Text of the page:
Kevin Martin is not the first musician to present London as a city where the Rastafarian Armageddon is already taking place: Mark Stewart and the Maffia's 1983 album 'Learning To Cope With Cowardice' is an obvious precursor. In fact, that album's review by David Stubbs in the February 2007 issue of the Wire, could very well describe London Zoo: "The title track creates instant unease through its easy interplay of rough, Industrial Techno, funk noir, dub and plundered hiphop rhythms, all collapsing into one another like new buildings. Fires of reggae righteousness roar like bonfires amid the urban chaos as Stewart (...) pours conflagratory scorn on a sick, corrupt and fearful populace, torching the veneer of their illusions." Here, it should be noted that Mark Stewart's inspiration for this album came from Romantic poet William Blake's vision of London as a sacred city, simultaneously Babylon and Jerusalem. However, London Zoo is an album that is somehow more triumphant, heroic, muscular in tone than that of Mark Stewart, which is altogether more raw, more bleak, shattered-sounding.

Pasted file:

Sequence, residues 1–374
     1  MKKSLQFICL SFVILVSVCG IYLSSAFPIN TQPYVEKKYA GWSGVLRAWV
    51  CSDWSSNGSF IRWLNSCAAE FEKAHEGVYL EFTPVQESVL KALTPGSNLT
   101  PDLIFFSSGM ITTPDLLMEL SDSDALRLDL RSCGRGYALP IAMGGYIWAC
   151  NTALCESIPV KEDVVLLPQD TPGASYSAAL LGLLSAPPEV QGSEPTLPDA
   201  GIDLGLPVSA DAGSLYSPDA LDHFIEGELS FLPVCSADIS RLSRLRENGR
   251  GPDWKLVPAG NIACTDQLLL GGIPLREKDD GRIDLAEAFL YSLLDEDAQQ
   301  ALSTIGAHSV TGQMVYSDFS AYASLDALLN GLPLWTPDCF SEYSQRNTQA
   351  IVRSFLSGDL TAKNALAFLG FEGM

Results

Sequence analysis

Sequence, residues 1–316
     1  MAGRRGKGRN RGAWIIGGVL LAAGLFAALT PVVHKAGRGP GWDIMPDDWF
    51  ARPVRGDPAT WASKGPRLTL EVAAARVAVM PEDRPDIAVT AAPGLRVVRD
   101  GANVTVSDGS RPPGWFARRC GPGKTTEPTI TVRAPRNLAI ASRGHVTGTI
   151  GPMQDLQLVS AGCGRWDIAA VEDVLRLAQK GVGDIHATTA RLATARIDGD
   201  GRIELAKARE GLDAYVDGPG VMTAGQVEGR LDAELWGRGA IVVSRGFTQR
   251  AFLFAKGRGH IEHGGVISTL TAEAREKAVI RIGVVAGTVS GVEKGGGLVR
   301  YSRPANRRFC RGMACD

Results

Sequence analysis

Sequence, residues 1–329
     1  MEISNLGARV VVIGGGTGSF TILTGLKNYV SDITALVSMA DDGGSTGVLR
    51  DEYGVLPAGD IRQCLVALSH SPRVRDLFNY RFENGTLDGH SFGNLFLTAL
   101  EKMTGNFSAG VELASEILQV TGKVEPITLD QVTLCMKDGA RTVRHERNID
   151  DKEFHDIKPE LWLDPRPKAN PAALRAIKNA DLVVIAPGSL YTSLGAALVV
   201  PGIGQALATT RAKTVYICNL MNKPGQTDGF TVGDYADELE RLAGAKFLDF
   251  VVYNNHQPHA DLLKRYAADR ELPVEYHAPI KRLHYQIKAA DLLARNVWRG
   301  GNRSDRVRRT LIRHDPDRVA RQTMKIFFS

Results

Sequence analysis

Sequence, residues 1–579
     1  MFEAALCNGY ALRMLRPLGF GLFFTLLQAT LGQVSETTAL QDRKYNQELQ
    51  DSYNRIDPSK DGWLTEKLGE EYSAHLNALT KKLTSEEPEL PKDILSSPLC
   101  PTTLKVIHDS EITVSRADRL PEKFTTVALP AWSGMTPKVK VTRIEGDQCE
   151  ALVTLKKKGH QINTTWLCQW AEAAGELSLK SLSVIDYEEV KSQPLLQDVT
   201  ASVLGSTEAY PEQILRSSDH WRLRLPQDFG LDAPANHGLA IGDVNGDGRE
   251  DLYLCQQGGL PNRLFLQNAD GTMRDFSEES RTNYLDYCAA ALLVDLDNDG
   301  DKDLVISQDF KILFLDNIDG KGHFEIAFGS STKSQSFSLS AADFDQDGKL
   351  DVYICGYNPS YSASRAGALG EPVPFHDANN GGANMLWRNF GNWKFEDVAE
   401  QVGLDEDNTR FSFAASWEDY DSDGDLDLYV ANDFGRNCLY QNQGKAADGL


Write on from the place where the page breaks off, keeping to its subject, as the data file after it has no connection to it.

From a theoretical point of view, Stewart's bleakness is perhaps preferable to Kevin Martin's attitude. Nevertheless, I absolutely love London Zoo and personally prefer London Zoo to Learning To Cope With Cowardice. Why? Perhaps it is only because I am too young to fully appreciate Stewart's album, as I have few memories of it's socio-political context - it came out before my time, as they say. But there is also the matter of Mark Stewart's vocals: they are a taste I've never quite acquired, and they are at their most grating in Learning To Cope With Cowardice. On London Zoo on the other hand, the vocals are a boon. The contribution of the MC's - such as grizzled Tippa Irie, gruff Flowdan, dread Ricky Ranking and the viper-tongued Warrior Queen - is more successful integrated into Kevin Martin's music than in his earlier work with MCs, such as Techno Animal's 2001 Hiphop-influenced album The Brotherhood Of The Bomb and The Bug's 2003 album Pressure. Furthermore, technological advances in electronic music mean that The Bug's London Zoo is an album of luxurious aural subtleties - there's simply more sonic terrain to explore.

Probably, preferring London Zoo to Learning To Cope With Cowardice is in poor taste. If so, I am guilty. I feel London Zoo is perhaps the best album Kevin Martin has made since Techno Animal's magisterial 1995 album Re-Entry - which is an album which I would take with me to the proverbial “desert island”. London Zoo comes with the highest recommendations.